Home > Multimedia, News > If you can’t beat them, Join them.

If you can’t beat them, Join them.

In Emily Nussbaum‘s article, The New Journalism: Goosing the Gray Lady, she follows the almost down fall of the New York Times and the changes to move toward the digital age of journalism.

While the article focused on the large scale newspaper, I believe it’s important to remember there are smaller papers all over the country (and world) who are dealing with or who have dealt with some of the same issues faced by the New York Times.  There’s the mix of the young programmers who haven’t been out of college more than 5 years with the veteran journalists and editors who will often tell you what things were like “back in their day.”

Just when people began to turn their backs to the Times, these young programmers turned the paper into something that said, “Don’t pull the plug on me, yet.  There’s still life left in here.”

David Carr, a blogger for the Times sums up many of the feelings felt by papers going digital: “This notion of ‘Let’s give it a whirl’—that’s not how we act in our analog iteration. In our digital iteration, there’s a willingness to make big bets and shoot them down if they don’t work. And yet it’s all very deadly serious. Other print websites can innovate because nobody’s watching. Here, everybody’s watching.”  Yes, everybody was watching the Times, but more people are beginning to peg a closer eye on other newspapers, whether large scale or small town.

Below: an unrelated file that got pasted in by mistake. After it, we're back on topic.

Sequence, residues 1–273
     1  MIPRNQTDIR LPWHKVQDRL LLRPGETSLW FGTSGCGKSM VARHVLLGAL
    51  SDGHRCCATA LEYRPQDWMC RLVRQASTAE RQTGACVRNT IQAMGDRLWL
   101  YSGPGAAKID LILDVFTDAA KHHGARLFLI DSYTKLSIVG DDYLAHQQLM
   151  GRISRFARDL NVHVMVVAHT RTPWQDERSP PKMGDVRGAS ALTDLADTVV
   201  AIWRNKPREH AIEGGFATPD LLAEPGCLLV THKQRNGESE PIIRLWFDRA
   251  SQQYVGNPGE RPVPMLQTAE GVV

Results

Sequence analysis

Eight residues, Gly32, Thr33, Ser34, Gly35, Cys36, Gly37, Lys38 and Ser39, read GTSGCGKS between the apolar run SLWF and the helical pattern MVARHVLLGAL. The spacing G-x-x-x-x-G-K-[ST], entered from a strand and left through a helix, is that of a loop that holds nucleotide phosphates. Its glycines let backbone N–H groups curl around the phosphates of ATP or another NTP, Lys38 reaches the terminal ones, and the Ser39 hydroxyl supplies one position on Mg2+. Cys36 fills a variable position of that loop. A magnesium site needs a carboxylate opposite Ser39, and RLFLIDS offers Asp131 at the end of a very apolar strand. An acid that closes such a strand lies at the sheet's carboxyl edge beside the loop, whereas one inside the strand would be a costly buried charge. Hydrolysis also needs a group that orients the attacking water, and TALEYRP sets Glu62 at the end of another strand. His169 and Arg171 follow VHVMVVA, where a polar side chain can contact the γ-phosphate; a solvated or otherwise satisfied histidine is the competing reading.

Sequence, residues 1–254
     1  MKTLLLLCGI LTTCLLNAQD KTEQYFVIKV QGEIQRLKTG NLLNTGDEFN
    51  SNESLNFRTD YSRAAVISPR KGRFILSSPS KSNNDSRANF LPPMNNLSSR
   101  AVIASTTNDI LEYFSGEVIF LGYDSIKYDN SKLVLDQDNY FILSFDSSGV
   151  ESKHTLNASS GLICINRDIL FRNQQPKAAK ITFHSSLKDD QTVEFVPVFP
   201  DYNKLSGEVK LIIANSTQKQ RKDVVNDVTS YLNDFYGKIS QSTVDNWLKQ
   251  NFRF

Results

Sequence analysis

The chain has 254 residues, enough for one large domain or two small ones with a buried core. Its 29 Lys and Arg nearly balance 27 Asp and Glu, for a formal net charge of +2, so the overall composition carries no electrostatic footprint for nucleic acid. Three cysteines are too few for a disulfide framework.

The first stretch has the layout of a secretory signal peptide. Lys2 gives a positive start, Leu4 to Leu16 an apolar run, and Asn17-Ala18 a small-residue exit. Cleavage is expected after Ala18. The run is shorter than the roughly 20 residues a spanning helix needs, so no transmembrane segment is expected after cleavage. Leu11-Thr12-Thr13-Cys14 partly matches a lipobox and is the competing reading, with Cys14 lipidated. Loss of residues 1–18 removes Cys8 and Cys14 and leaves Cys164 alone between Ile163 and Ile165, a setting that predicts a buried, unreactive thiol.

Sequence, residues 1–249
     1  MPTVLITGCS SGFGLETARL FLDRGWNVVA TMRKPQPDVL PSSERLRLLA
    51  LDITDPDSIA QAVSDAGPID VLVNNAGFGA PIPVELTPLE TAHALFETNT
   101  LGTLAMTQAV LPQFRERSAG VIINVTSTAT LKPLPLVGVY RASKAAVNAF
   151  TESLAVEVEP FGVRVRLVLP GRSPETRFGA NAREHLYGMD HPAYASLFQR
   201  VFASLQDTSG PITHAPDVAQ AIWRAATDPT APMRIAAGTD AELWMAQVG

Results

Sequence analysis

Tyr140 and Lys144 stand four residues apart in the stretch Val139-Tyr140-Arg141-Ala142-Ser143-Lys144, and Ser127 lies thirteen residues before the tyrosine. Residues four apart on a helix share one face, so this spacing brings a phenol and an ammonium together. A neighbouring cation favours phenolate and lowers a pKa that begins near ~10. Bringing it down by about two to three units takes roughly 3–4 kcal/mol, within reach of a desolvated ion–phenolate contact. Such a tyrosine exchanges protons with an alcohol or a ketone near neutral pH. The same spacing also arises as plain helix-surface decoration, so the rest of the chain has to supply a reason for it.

Aron Pilhofer, one of the first team members that helped turn the Times around, says at the end of the article he hopes the Times can excite “online readers about the value of reportage, engaging them deeply in the Times’ specific brand of journalism—perhaps even so much that they might want to pay for it.”  And pay for it, they do.  The Times now offers various levels of digital subscriptions.

The team that turned the Times around definitely did something right.  However, not all newspapers have been so fortunate, and there are plenty out there who are still facing this uphill struggle.  There are also those who keep resisting the changes of going digital.  I hope those who are trying continue to try and, in time, embrace moving to the digital age of journalism and not resist the changes.  Look to the Times as an example.  And for those papers out there who are struggling more than ever and are continuing to resist the movement, well, all I can say is if you can’t beat ’em, join ’em.

-MM

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  1. September 11, 2012 at 1:28 pm

    I am a little sad that newspapers are dying out. I’m with the nostalgia-stricken old folks. I like reading a newspaper; I like searching the classifieds; I also know that newspapers are more of a novelty to us now. Humans are adept at adaptation. We have figured out how to keep newspapers alive… even if we’re keeping them alive inside a mechanical box.

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